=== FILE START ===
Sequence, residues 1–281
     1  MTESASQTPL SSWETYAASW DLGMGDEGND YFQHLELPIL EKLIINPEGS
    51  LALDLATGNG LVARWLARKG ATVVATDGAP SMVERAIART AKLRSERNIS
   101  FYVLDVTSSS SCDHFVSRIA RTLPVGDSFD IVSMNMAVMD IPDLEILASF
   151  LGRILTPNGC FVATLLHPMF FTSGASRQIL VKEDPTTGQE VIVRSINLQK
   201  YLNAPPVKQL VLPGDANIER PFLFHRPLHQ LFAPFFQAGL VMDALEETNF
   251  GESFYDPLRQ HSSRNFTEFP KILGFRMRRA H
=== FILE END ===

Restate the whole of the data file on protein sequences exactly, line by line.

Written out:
Sequence, residues 1–281
     1  MTESASQTPL SSWETYAASW DLGMGDEGND YFQHLELPIL EKLIINPEGS
    51  LALDLATGNG LVARWLARKG ATVVATDGAP SMVERAIART AKLRSERNIS
   101  FYVLDVTSSS SCDHFVSRIA RTLPVGDSFD IVSMNMAVMD IPDLEILASF
   151  LGRILTPNGC FVATLLHPMF FTSGASRQIL VKEDPTTGQE VIVRSINLQK
   201  YLNAPPVKQL VLPGDANIER PFLFHRPLHQ LFAPFFQAGL VMDALEETNF
   251  GESFYDPLRQ HSSRNFTEFP KILGFRMRRA H